Monday, December 5, 2011
the future of mankind is... um... inside our jumpsuits
I'll be totally honest again.
I do not like jacket copy.
You know, the shorty-short stuff inside dust jackets or on the back of the book that serves to abbreviate the attractive elements to a story?
So when I read it, I keep reminding myself that it is no good. In fact, I often will not read jacket copy on a book until I'm nearly finished with the book, and then, I'm usually, like, eeewww!
I'll be honest yet again: A good cover will make me pick up a book. If I put it down, it's because of the jacket copy (which I won't read at all if I'm seriously thinking about reading the book). I won't even pick up a book with a bad cover, or if it has a cover that would be embarrassing to carry around.
The Steve Jobs cover is good.
You know what it says to me?
It says, "This man is insane."
If it were the author photo on the back of the jacket, as opposed to the cover, I would never touch that book.
That is another thing: If a book has a full-cover author photo on the back of the dust jacket, I will not pick it up. If you are such big-name author that your publisher would actually suggest printing a dust jacket with a photo of YOU as the entire back cover, and you (assuming you are that big of a name) actually are okay with that, you know what it says to me?
This author is insane.
I mention all of this simply because over the weekend I was reading some short jacket-copy summaries for books that are going to be coming out in 2012. I will not say what books they were, or name the publishers or authors, but they all sounded unreadably horrid.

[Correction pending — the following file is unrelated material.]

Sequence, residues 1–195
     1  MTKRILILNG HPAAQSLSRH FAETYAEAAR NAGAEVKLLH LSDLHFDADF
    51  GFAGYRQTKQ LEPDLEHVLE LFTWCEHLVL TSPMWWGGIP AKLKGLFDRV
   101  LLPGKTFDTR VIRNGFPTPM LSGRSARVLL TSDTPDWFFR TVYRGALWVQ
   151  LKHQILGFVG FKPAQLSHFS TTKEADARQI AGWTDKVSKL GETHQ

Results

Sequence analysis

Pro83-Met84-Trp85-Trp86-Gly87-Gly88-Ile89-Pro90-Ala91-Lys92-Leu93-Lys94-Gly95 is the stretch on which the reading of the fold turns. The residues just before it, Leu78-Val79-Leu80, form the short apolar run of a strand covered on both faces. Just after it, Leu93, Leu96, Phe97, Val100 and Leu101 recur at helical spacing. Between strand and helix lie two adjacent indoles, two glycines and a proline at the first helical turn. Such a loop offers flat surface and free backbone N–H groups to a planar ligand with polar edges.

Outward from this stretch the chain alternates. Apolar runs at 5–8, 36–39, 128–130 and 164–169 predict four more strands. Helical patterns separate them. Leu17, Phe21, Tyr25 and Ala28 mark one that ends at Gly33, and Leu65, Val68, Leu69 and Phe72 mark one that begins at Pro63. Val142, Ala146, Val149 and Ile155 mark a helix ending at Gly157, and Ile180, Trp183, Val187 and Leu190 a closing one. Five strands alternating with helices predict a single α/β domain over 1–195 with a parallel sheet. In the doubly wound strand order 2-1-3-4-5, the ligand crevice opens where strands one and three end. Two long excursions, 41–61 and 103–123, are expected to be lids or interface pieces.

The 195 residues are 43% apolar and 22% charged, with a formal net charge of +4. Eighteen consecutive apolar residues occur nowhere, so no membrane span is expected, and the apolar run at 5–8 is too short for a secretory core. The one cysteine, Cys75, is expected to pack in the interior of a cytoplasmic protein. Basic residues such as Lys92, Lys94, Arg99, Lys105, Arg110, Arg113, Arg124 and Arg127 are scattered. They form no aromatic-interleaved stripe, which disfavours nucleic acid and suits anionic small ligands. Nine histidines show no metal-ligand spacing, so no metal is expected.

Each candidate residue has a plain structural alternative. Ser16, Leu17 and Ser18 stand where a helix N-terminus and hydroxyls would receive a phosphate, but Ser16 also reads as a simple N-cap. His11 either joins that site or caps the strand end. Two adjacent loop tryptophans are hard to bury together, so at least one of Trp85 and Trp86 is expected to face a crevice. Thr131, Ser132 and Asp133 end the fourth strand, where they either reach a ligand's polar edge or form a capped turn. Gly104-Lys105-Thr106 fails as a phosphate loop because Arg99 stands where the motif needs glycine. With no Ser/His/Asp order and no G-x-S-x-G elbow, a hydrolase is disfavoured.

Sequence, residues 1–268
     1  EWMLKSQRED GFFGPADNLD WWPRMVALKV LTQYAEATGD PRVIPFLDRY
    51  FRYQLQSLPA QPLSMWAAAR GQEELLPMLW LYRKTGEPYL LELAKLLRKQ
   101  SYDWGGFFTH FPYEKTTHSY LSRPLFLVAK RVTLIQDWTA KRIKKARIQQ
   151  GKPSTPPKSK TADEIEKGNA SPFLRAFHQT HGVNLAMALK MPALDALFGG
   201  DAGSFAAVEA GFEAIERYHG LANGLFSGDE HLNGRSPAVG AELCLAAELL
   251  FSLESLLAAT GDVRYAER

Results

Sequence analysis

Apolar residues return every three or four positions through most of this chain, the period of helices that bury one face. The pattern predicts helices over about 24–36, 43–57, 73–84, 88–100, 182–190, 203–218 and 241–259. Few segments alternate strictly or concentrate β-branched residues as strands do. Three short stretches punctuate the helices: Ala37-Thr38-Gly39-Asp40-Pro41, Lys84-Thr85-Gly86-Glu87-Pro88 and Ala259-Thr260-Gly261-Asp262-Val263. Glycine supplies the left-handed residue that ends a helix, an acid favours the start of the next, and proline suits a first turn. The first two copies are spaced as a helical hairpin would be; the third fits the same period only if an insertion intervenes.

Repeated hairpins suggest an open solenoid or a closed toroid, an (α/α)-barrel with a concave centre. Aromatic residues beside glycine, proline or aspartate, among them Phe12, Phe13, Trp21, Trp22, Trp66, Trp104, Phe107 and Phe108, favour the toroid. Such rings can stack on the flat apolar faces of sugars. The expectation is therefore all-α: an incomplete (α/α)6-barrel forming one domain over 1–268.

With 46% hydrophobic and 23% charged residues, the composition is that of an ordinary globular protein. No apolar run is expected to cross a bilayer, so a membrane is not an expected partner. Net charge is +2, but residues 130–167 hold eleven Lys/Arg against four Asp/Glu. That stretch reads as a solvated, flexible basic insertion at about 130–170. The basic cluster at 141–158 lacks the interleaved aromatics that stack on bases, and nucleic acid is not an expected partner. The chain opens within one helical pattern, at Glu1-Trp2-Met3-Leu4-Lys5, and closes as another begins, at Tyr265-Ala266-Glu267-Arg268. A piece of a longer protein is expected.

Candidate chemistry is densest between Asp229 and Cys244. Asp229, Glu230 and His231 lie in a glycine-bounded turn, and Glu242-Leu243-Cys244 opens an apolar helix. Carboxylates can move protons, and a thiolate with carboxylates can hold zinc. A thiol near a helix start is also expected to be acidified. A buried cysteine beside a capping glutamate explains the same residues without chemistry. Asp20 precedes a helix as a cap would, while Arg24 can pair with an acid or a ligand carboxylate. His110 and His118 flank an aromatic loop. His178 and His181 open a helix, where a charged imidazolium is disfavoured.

But that's just what jacket copy does to me, I think.
So let me circle my literary wagons and offer an intervening blast at jacket copy for 2012's Passenger, my book, the sequel to The Marbury Lens.
A magical flying unicorn that shits frosted raspberry cupcakes from its ass enchants the whimsical world of Marbury, turning it into a fanciful playland...
Fooled you, didn't I?
Bet you want a frosted raspberry cupcake now, don't you?
How about this - the version without the unicorns and cupcakes:
Jack and Conner prepare to leave for England. They have a plan. They think it's the only reasonable way to deal with the Marbury lens. But the four boys - Jack, Conner, Ben, and Griffin - end up scattered in different places at different times. Jack is lost in a Marbury that isn't Marbury, a Glenbrook that isn't Glenbrook, pursued through every crumbling not-world by an uncaring cop trying to solve the mystery of Freddie Horvath's murder, and a deceitful kid named Quinn Cahill who believes he is the King of Marbury. Jack's universe is collapsing in on itself. He finds his friends. He finds his home. There's always just one thing, and Jack knows it. This can't be it.